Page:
CallMiner Inc., a Cape Coral, Fla.-based provider of speech analytics software and services, has raised $2 million in Series A funding. Inflexion Partners led the deal, with Intersouth Partners also participating. www.callminer.com

BioSurface Engineering Technologies Inc., a College Park, Md.-based biotech company focused on vascular, orthopedic and chronic wound repair, has raised $5 million in Series B funding. EDF Ventures led the deal, and was joined by fellow new investors Memphis Biomed Ventures and the New Markets Growth Fund. Return backers include The Vertical Group, Boston Scientific Corp. and the Maryland Venture Fund. www.biosetinc.com

 

Cambrios Technology Corp. (f.k.a. Semzyme Inc.), a San Francisco-based provider of bio-directed materials for the electronics industry, has raised $1.8 million in Series A funding. ARCH Venture Partners and Alloy Ventures co-led the deal, and were joined by Oxford Biosciences. www.cambrios.com

PacketLight Networks Ltd., an Israel-based provider of multi-service optical transport and access systems for metro networks, has raised an undisclosed amount of new VC funding. New investors RAD Ventures and Yehuda and Zohar Zisapel joined return backers Pitango Venture Capital on the deal. PacketLight previously had raised approximately $39 million in total VC funding. www.packetlight.com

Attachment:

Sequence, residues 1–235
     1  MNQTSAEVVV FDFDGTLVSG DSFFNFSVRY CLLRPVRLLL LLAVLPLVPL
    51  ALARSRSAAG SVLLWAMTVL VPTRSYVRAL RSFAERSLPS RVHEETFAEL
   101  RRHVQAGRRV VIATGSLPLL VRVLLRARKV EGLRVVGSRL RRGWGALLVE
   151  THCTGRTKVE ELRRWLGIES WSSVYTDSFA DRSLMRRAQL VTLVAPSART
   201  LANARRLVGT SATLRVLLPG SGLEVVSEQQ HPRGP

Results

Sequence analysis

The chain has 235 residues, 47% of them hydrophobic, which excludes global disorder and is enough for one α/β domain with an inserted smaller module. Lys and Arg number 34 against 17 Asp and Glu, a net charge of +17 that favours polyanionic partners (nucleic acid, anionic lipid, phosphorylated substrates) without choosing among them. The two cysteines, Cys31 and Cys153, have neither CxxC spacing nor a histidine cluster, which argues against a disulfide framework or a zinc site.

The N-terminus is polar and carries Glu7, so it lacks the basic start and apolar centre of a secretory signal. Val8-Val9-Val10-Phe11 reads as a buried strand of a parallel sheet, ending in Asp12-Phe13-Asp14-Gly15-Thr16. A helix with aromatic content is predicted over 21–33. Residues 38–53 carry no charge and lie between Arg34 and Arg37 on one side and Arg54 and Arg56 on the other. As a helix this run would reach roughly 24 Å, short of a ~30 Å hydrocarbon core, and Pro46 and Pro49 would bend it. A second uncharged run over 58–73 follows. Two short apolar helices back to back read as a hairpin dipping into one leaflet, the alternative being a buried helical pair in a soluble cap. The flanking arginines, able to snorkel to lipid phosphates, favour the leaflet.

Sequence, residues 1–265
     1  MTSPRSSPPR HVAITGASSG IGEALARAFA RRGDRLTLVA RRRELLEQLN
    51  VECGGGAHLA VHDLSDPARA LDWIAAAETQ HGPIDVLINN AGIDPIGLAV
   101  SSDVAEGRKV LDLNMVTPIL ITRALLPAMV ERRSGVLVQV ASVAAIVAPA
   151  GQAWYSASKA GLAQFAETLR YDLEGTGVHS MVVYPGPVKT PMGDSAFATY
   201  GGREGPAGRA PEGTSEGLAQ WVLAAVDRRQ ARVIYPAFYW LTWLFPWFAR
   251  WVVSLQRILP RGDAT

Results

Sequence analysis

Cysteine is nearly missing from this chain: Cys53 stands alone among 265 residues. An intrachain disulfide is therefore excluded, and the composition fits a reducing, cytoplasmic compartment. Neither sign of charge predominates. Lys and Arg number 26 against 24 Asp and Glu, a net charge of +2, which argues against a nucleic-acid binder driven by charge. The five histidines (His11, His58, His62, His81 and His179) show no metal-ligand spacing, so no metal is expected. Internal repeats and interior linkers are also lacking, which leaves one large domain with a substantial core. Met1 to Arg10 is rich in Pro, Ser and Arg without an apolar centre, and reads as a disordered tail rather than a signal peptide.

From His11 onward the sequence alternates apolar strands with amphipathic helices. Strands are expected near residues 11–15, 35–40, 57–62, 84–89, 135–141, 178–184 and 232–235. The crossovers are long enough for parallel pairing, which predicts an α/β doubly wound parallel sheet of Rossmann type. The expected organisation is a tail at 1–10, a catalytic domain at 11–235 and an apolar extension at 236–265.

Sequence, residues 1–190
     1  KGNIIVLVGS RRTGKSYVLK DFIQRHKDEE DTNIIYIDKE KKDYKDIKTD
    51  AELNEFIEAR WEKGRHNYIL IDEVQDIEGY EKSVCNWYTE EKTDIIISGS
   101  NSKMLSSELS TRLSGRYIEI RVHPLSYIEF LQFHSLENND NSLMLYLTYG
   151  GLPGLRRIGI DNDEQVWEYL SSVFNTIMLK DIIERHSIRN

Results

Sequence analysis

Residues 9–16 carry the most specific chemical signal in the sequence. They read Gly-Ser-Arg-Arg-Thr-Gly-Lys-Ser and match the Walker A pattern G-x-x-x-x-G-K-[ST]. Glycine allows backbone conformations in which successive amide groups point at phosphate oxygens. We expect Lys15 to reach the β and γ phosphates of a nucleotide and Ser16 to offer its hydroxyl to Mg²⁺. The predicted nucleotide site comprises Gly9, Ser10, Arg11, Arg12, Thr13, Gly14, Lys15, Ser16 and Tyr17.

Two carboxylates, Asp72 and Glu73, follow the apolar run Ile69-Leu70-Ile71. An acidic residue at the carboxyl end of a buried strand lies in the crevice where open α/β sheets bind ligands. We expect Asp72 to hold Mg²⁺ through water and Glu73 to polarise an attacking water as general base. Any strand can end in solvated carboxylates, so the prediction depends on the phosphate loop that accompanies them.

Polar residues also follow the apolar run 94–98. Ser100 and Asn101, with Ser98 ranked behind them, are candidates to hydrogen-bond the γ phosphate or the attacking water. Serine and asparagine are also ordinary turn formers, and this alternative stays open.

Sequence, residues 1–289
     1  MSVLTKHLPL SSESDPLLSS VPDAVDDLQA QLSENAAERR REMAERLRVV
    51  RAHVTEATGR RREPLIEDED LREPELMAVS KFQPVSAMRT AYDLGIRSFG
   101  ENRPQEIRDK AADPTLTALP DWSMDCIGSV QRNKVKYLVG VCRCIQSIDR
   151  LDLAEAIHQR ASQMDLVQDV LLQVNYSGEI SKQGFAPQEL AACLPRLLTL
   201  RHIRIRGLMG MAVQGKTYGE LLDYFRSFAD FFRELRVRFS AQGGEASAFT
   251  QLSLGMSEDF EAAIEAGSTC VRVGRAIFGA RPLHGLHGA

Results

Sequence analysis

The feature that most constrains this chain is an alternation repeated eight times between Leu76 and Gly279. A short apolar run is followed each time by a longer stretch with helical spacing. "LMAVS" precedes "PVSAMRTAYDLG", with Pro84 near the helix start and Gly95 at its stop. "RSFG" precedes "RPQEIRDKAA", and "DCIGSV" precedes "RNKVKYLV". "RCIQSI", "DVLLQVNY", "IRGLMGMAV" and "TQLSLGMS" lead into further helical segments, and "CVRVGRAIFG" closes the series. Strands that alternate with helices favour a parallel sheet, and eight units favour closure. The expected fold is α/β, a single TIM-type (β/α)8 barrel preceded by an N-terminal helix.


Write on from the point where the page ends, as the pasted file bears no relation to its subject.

Lifestyle Fitness Inc., a St. Petersburg, Fla.-based owner and operator of fitness clubs in the Florida market, has raised $8 million in new private equity funding. Investors included Ballast Point Venture Partners, The Burton Partnerships and Quantum Capital Partners.

 

Hicks, Muse, Tate & Furst has acquired Kerns Oil & Gas Inc., a San Antonio, Texas-based natural gas production company that currently operates 215 active wells, company founder Shelby Kerns and the previous management team. Financial terms of the transaction were not disclosed. HMTF has renamed the company renamed BlackBrush Energy Inc., and named Philip Mezey and P. Scott Martin as co-chief executives, with Mezey also serving as COO and Martin also serving as CFO. Both men are principals with Flatrock Production Co., which partnered with Hicks Muse on the acquisition.

Rockwood Specialties Group Inc., a Princeton, N.J.-based chemicals and advanced materials company, has completed its previously-announced acquisition of four businesses of Dynamit Nobel, a chemicals subsidiary of MG Technologies AG. Kohlberg Kravis Roberts & Co. is Rockwood’s majority shareholder, and CSFB Private Equity also holds a significant company stake. Both firms financed the acquisition, in tandem with a new senior secured credit facility and a new senior subordinated credit facility. CSFB, UBS and Goldman Sachs arranged the debt financing. No financial terms of the transaction were disclosed. www.rocksp.com